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Trusted local news leader for Prescott area communities since 1882
9:11 AM Sun, Nov. 18th

Letter: Infringe what?

EDITOR:

“The Right To Keep and Bear Arms Shall Not Be Infringed.” Eleven words with great meaning from the short but easy to understand Second Amendment to the Constitution. Nowhere does it say, “Unless you are on a prohibited possessor list.” All free U.S. Citizens have the right to “Keep and Bear Arms” and any attempt to “infringe” on that right is a violation of the Constitution and the Bill of Rights, period!

The President cannot change the Constitution or the Bill of Rights, the U.S. Supreme Court cannot change or amend the U.S. Constitution. Only a two-thirds approval by the U.S. House and Senate followed by a three-fourths approval vote of the states or, a Constitutional Convention called by two-thirds of the legislatures of the states, after which any amendments must then be approved by three-fourths of the states can do so.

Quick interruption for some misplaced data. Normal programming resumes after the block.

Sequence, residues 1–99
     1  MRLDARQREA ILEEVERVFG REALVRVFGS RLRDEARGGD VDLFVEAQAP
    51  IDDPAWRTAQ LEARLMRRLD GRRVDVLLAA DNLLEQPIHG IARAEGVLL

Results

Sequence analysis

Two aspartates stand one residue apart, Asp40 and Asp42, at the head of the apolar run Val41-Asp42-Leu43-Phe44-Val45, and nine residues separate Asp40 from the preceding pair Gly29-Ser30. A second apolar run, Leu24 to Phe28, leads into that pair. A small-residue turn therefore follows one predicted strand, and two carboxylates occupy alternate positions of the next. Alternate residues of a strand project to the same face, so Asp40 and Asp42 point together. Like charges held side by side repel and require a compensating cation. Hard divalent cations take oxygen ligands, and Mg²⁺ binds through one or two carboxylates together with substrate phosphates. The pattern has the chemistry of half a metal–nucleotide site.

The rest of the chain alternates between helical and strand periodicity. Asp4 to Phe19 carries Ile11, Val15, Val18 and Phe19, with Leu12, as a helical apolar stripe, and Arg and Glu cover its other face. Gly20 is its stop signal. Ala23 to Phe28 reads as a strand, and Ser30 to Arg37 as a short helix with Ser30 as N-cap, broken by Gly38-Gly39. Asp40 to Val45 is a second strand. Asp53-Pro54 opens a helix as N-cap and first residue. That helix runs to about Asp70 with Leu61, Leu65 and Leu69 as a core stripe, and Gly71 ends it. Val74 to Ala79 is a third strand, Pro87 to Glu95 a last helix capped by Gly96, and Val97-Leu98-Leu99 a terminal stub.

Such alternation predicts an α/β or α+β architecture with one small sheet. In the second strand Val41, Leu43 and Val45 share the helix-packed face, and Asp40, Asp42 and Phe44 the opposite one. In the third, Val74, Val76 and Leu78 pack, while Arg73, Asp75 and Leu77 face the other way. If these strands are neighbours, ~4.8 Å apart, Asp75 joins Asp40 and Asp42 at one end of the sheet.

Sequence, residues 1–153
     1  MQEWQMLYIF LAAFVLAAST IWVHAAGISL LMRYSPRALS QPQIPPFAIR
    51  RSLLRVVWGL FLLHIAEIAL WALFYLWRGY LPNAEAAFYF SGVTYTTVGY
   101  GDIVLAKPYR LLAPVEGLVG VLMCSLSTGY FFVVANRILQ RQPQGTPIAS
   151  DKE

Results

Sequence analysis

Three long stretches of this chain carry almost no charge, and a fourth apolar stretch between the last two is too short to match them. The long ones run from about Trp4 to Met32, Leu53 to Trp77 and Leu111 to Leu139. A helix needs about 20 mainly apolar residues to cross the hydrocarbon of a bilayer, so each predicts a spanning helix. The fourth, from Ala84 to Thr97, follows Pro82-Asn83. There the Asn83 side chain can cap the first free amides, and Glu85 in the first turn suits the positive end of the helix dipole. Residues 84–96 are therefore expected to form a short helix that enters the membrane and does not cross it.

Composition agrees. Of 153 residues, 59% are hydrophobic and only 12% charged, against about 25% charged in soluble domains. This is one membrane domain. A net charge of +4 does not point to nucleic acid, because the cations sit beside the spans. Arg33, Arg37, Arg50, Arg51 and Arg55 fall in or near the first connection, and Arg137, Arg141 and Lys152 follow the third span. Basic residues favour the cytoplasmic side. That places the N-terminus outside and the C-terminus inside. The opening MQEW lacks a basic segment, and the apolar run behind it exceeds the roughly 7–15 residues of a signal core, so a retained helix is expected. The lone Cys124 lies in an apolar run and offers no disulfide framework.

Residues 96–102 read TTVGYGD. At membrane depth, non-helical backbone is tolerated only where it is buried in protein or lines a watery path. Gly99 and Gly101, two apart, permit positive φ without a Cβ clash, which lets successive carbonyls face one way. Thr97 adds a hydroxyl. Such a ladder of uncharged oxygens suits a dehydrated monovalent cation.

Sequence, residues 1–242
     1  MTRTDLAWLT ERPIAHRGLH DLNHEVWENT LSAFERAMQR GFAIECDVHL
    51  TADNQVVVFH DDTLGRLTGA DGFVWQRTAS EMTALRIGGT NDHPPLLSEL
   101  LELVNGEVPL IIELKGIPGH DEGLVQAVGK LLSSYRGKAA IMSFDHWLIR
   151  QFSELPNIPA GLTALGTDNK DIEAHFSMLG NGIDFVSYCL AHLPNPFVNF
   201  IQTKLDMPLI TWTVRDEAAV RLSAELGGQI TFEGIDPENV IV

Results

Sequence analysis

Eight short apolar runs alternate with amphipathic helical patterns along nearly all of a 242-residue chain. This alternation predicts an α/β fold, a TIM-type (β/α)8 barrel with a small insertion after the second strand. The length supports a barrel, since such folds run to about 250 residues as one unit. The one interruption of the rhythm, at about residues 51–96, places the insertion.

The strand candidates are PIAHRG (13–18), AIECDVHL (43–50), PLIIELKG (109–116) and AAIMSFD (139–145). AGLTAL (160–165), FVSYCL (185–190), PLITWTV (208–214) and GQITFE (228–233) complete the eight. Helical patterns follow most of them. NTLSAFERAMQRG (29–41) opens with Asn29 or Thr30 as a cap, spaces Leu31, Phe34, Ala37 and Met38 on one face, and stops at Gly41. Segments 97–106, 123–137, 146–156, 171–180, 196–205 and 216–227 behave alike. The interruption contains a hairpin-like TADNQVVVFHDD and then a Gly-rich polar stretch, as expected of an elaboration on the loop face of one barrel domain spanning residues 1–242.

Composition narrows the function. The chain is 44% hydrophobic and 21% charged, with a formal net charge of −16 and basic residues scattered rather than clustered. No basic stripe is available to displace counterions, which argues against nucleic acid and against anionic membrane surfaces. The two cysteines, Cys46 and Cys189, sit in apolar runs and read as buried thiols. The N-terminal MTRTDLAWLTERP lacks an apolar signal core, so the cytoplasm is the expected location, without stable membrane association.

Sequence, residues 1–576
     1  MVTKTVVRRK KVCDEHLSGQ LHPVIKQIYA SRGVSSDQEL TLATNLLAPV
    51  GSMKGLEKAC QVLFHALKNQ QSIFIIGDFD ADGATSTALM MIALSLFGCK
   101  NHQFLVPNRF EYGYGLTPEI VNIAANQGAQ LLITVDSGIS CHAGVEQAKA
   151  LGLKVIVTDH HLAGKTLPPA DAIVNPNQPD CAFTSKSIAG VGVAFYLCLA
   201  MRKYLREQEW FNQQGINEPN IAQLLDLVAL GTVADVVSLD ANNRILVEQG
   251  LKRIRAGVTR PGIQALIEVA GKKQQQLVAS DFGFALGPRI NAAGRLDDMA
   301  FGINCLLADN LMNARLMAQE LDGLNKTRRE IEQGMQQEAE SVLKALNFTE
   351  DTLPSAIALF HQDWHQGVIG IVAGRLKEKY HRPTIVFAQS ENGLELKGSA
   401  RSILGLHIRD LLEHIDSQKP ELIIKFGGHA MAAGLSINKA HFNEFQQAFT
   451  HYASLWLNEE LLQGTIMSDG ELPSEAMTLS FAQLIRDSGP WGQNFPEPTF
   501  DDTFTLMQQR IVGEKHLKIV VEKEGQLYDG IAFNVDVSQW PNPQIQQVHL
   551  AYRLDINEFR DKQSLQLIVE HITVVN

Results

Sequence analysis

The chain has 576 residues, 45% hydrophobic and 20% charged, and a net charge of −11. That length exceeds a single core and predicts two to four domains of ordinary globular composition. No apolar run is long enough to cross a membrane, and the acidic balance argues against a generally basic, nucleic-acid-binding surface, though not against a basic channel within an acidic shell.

If someone is deemed to be too dangerous to possess a firearm, they should not be free in our society. Why does our justice system send people that they consider to be a danger to society out into society so they can wreak havoc on law-abiding, innocent citizens? The majority of violent crimes are being committed by people that are on parole or probation and most likely prohibited from possessing a firearm.

It is a “no brainer” as far as I am concerned. If a person can’t own a gun because they are a danger to society, keep them locked away from society. This would end the whole background check argument and save the lives and mental well-being of a lot of innocent victims and their families.

Mark Hopkins

Chino Valley